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Thread: Tenkara Fishing With Western Fly Patterns

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  1. #1
    Join Date
    Jun 2012
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    Default Tenkara Fishing With Western Fly Patterns

    Chris Stewart has put up an excellent article that is very close to my own views on this subject. Here is the link: http://www.tenkarabum.com/tenkara-ro...ern-flies.html

  2. #2
    Join Date
    Feb 2013
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    Prague, Czech Republic
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    Totally agreee with Chris. The best fly IS THE FLY THAT YOU TRUST, even it is not a sakasa kebari ..
    Small stream junkei and tenkara apologist, write for http://www.tenkaratimes.com

  3. #3

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    I am just learning so what is he talking about that there are other rods that ,feel?, like tenkara but aren't? I am more interested in catching fish and I consider tenkara a way of doing that. Not the only way or even the best. So far tenkara seems to fit best into my style as a wet fly rod which fits the whole tekkara idea. I liked the article , but must read it again. HOSSC

  4. #4
    Join Date
    Dec 2006
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    Quote Originally Posted by HOSSCOOPER View Post
    what is he talking about that there are other rods that ,feel?, like tenkara but aren't?
    Read http://www.tenkarabum.com/seiryu-ten...continuum.html and http://www.tenkarabum.com/seiryu-ten...m-part-ii.html

    There are a whole range of rods intended to be fished with the line tied to the rod tip. Everything from the cane poles we used as kids to extremely soft, whippy rods designed for small fish in placid waters up through very long, very stout poles that can subdue salmon and steelhead. "Tenkara rods" are a pretty small subset of the whole continuum. What makes a rod a tenkara rod is open to debate and in my mind is a diversion from what is really important - which is how does a rod perform for your intended use and how does it feel when you are using it. There are some seiryu rods that feel exactly the same and bend the same as some of the softer tenkara rods. There are some keiryu rods that feel exactly the same and bend the same as some of the stiffer tenkara rods. I'm not saying that all rods are equal or that all are suitable for what you want to do, but also, don't be put off just because a particular rod is not a "tenkara rod."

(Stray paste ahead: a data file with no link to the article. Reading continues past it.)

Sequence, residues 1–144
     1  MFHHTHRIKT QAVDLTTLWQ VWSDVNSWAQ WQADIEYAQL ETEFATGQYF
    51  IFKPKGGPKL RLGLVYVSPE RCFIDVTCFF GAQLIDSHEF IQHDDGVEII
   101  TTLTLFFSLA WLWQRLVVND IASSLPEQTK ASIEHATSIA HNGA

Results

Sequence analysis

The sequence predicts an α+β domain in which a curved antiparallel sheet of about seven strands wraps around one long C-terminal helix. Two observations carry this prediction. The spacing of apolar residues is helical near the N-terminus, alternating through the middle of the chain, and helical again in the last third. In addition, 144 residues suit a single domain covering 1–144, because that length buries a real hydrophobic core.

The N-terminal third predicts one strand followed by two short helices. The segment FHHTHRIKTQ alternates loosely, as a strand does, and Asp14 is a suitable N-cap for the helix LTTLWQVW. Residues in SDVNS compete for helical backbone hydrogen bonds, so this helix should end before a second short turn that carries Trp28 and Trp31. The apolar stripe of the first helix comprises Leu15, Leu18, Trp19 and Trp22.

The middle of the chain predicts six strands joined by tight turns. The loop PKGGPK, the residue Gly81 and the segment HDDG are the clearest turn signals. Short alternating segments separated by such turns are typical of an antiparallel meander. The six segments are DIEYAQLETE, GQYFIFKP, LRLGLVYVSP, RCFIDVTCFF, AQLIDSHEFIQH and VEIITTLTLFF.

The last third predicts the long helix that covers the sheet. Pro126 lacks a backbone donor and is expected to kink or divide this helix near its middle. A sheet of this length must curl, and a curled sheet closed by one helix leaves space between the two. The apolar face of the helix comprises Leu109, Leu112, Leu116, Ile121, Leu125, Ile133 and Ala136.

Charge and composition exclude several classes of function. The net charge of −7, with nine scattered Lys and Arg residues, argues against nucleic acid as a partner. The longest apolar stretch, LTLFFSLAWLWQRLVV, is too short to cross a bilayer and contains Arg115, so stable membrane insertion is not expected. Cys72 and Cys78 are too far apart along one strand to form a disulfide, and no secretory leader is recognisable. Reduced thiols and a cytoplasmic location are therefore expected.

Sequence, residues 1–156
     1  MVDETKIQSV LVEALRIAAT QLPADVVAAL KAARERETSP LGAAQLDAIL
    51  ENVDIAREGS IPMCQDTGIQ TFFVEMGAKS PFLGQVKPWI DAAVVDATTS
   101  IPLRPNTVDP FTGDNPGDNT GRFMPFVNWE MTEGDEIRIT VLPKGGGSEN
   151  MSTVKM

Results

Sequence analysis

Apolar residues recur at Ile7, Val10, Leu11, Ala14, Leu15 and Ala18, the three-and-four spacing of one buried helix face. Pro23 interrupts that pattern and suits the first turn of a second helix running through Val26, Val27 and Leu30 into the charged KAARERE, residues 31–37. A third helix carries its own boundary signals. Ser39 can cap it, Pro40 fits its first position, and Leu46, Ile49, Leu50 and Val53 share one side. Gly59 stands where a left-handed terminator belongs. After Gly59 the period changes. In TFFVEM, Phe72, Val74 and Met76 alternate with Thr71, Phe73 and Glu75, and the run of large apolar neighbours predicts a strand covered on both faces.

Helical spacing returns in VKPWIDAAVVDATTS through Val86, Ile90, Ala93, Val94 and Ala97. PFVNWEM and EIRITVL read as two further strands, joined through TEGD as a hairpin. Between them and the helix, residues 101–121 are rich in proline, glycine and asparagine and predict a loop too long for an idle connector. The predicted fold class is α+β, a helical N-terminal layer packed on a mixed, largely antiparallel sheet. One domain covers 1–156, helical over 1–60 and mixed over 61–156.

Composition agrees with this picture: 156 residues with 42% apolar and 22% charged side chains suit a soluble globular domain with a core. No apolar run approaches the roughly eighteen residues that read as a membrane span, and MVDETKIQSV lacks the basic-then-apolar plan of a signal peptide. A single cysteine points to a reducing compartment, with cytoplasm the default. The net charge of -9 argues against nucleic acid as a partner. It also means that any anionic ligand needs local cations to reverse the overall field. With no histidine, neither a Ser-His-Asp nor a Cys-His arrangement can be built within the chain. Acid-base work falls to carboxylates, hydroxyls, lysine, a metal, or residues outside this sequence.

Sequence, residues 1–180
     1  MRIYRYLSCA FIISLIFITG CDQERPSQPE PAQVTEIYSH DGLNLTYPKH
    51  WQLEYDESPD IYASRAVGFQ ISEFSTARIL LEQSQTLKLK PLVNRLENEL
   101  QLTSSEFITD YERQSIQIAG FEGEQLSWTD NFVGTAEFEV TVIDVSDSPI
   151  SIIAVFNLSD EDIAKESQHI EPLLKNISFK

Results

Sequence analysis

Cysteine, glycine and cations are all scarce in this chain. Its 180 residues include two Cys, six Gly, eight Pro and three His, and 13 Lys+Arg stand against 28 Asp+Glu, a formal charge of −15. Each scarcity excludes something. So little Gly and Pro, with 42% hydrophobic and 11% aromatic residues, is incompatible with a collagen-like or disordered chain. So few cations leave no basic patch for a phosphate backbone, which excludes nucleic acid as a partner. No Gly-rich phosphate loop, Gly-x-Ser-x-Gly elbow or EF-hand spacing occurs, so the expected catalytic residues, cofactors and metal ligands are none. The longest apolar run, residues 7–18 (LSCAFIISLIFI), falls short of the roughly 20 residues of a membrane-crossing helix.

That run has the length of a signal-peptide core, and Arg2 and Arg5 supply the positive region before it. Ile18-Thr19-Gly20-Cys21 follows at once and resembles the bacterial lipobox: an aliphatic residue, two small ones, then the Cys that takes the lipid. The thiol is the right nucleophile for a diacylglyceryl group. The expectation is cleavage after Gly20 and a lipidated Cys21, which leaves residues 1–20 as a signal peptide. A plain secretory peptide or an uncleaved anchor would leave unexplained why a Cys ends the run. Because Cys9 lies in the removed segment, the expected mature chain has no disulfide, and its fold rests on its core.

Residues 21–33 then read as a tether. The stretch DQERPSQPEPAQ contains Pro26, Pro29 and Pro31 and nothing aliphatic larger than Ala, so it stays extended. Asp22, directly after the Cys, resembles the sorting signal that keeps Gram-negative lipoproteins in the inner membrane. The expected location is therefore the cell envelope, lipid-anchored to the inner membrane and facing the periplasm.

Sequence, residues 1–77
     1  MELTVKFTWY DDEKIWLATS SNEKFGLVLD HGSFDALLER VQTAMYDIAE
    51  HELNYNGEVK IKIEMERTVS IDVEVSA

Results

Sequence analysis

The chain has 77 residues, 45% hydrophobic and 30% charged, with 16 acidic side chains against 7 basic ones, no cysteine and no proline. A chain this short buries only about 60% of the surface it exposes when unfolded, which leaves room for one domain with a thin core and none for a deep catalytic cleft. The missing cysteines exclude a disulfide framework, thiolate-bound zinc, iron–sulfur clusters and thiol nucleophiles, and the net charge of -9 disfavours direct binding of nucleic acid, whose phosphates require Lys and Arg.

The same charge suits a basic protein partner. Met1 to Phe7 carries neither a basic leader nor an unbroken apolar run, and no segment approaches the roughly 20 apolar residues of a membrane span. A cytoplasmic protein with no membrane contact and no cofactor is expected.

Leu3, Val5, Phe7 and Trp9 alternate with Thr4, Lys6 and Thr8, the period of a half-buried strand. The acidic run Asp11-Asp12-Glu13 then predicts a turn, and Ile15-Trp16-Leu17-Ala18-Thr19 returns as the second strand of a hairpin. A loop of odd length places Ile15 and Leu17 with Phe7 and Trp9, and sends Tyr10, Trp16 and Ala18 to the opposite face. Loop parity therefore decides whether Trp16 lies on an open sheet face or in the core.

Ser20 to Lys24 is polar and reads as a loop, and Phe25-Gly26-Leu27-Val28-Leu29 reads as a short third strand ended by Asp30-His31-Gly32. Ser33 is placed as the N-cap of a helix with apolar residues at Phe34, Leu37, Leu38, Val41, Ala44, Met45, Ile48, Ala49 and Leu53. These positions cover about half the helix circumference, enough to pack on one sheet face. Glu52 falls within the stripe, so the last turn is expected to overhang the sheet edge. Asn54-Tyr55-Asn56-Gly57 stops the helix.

Tenkara Bum

  5. #5
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    Nov 2011
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    Bloomington, Indiana
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    When a feller stops to think about it, there may be some question about whether a TUSA Amago is a tenkara rod. A rod for catching small trout in small mountain streams? Hmmm.

  6. #6
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    The Amago may slide in as a mainstream tenkara rod. Not mainstream as in right in the middle of things, but mainstream as in larger stream into which the small mountain streams flow. The one that gets me is the Hane, which is off the charts with respect to stiffness. Is it a tenkara rod? The company that made it said it is, so I guess it is. There are quite a few other rods that are not tenkara rods that are better suited to tenkara than it is, though, which is one reason I suggest that people not be terribly concerned about what a rod was labeled, or designed for, by the manufacturer. If it works well for tenkara fishing, that should be all that matters.
    Tenkara Bum

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